House of Lords slams AIFM

Lawmakers want the UK to fight the EU's proposed AIFM directive, arguing the rules would 'damage' the UK private equity industry.

The UK government has been urged by lawmakers to stand up to the European Commission’s attempts to overhaul regulation of the alternative funds industry, who warned it could “seriously damage” British fund managers and the wider economy.

A critical report from a House of Lords committee Tuesday warned the Commission’s directive on alternative investment fund managers (AIFM) was attempting to introduce a “one size fits all approach” to regulation that would penalise smaller managers and give US-based GPs a competitive advantage over their UK counterparts.

The UK Government should do everything it can to ensure that the final proposals that emerge in the AIFM directive do not damage the EU and UK economies to which the City of London makes an important contribution.  We urge [the UK government] not to agree to the directive in its current form.

Lord Woolmer of Leeds, House of Lords European Union Committee  

Calling on the British government to reject the directive in its current form, the committee said it had become “increasingly concerned” about the practical fallout of the European directive during its evidence sessions.

One major area of concern was the need to ensure any European legislation was matched by comparable regulation in the US. Hearing evidence from asset manager BlackRock and trade body The Association of British Insurers, the committee was told US plans to impose new disclosure requirements were “much less onerous and much more practical” than those in the AIFM.

The European directive would require increased disclosure of investment and also require any fund wanting to market to EU investors to prove it is subject to sufficiently rigorous regulation in its home country. This would be a blow to US-based asset managers, as the US currently does not qualify as a rigorous enough system, and US funds would not qualify for a fundraising “passport”.

The Wellcome Trust told the committee the directive in its current form could prompt managers to “give up raising capital in the EU rather than comply with onerous regulations”. However, it could also penalise EU and UK managers with added layers of regulation.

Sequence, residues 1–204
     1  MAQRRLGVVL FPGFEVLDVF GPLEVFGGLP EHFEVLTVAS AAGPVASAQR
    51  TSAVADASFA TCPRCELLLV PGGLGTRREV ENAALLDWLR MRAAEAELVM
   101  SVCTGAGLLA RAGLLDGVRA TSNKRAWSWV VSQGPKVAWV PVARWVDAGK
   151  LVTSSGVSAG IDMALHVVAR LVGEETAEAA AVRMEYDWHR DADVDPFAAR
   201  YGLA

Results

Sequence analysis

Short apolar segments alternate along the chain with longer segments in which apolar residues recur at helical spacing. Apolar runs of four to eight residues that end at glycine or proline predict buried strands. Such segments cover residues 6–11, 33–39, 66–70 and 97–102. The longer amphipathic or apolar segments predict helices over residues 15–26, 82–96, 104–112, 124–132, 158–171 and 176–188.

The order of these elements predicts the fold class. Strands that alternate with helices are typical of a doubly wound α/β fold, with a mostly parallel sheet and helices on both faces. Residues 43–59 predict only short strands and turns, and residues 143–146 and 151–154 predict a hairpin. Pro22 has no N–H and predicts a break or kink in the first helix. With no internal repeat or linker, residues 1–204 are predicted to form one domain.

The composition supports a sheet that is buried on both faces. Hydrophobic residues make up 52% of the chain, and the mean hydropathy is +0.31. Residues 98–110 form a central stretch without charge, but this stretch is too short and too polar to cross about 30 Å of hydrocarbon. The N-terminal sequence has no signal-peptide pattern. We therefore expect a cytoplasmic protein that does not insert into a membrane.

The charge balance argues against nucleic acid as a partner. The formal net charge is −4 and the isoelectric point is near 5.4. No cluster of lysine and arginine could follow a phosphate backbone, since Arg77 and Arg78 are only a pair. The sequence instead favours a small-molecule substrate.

Although there were efforts to “harmonise” the two approaches, the committee said it was vital European – and particularly UK – private equity and real estate fund managers “not lose competitiveness at a global level”. With UK managers accounting for 60 percent of all European private equity activity and alternative managers employing more than 40,000 people in the UK, primarily in London, Lord Woolmer of Leeds said the British government had to do “everything it can” to ensure the directive didn’t damage national interests.

We agree with the European Commission that Alternative Investment Fund Managers should be subject to regulation at an EU level but it is vital the Commission get the details right and do not damage what is an important industry for the European economy.


Critics warned the committee the directive would cost the alternatives industry up to €1.9 billion to operate in its first year, with an annual cost of between €689 million and €985 million.

Saying the rules could be “very damaging” to the whole of Europe just as “economies are … emerging from a long and deep recession”, Woolmer added: “We urge [the UK government] not to agree to the directive in its current form.”

The committee did though call for the industry to be subject to European-wide regulation, but stressed it was “vital the [European] Commission get the details right and do not damage what is an important industry for the European economy”.

As part of its 79-page report, released today, the committee said any directive should offer a tailored rather than “one size fits all approach” recognising the differences between hedge fund, private equity and real estate fund managers. The committee also said retail-level protection for informed and experienced institutional investors was “not required”; urged for more detailed work on planned valuation mechanisms and called on the European Commission to consider imposing minimum capital requirements for managers through alternative regulations.

The House of Lords committee is not binding on the UK government and merely adds to the UK's consultation process regarding the directive. However, it adds weight to calls for the directive to be further amended before EU legislators vote on the issue. A
final AIFM directive was at one point expected to be passed by mid-2010, but a large number of amendments proposed by Members of the European Parliament looks set to push back any final vote.